Understanding Life Cycle of Thread in Java, With Examples

Shutterstock.com / Joyseulay

Understanding how high-level things are executed is useful when working with their dynamics. You can manage threads, including their flow, interaction, and synchronization, in Java by understanding their life cycle.

Where do you even start, then? We discuss threads and their patterns in this article. You now have a place to build from. We even give a sample syntax so that you can observe the life cycle in action. So let’s continue below to learn more about threads and their workings.

What is the Life Cycle of Thread in Java

It’s crucial to comprehend what a thread actually is before we can discuss its life cycle in Java. This phrase designates a particular program’s flow of execution. Each thread has its own local variables, program counter, stack, and capability to run pathways independently.

Using shared information and constructions, threads can cooperate. Java has a wide variety of APIs, making it simple to work with these. As a result, it’s crucial to comprehend the Java thread life cycle as it relates to the execution of each concurrent thread. Let’s read on to understand more about it.

How Does the Life Cycle Work?

Although each execution flow in the program operates separately, they all have a similar life cycle. Although certain threads have distinctive states or modifications, the typical pattern is as follows:

  1. New
  2. Runnable
  3. Running
  4. Terminated

We are starting over with the thread at the new stage. Even though it’s not yet ready to run, it is now part of the code.

We have used the start() method in the runnable stage. The thread is now eligible even though it hasn’t yet been put into action. When you’re ready to use it, you can call on the thread.

The thread is used throughout the running stage.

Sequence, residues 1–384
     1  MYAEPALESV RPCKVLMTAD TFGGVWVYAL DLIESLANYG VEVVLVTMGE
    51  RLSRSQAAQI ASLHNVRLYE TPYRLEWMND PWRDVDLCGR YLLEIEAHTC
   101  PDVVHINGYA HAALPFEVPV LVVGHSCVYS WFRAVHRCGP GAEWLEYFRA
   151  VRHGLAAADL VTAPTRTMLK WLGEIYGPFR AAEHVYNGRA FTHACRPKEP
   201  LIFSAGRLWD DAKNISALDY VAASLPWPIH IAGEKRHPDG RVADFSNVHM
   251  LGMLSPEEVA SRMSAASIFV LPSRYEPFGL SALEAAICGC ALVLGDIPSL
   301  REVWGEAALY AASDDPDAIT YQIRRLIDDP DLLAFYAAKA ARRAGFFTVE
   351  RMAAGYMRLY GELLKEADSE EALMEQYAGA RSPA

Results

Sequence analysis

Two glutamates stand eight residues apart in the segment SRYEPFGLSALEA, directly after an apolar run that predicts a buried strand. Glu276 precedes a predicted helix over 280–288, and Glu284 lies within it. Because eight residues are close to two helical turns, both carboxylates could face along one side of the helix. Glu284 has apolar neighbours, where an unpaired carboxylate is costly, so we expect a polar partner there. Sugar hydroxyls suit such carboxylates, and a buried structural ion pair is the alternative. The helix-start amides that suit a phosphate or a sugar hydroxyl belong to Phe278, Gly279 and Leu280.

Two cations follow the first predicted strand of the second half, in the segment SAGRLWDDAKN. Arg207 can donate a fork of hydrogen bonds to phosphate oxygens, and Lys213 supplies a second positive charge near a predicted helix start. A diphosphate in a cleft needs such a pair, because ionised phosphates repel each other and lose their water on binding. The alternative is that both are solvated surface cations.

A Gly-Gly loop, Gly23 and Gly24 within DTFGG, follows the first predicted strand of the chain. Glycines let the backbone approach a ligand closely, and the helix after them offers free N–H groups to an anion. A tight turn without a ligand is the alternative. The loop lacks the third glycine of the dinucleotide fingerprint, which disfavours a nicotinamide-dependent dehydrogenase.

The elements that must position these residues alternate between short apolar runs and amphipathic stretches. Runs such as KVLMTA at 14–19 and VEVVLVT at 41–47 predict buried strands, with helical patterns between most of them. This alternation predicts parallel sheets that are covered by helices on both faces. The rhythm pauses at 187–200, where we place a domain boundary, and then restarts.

The thread either completed its task or was given a stop method during the terminated stage. A thread cannot restart once it reaches the terminated stage. So that your threads stop when intended, it’s crucial to understand the termination requirements of your threads.

We’ve developed a thread that prints out its current status in the example below. This code can be used to track a thread’s development throughout its life cycle.

public class ThreadLifecycleExample {
    public static void main(String[] args) {
        // Create a new thread
        Thread thread = new Thread(() -> {
            System.out.println("Thread is running");
        // Start the thread
        // Get the current state of the thread
        Thread.State state = thread.getState();
        System.out.println("Thread state after start: " + state);
        // Wait for the thread to complete execution
        try {
        } catch (InterruptedException e) {
        // Get the state of the thread after it has completed
        state = thread.getState();
        System.out.println("Thread state after completion: " + state);

There are more variations in addition to the standard thread life cycle in Java. For instance, scheduled waiting implies that a thread must wait for a certain amount of time. Or, if low-level synchronization is used to suspend a thread, you might discover that it has been parked. Additional special case states consist of:

  • Blocked/Waiting
  • Terminated but Not Garbage Collected
  • Interrupted

Leave a Comment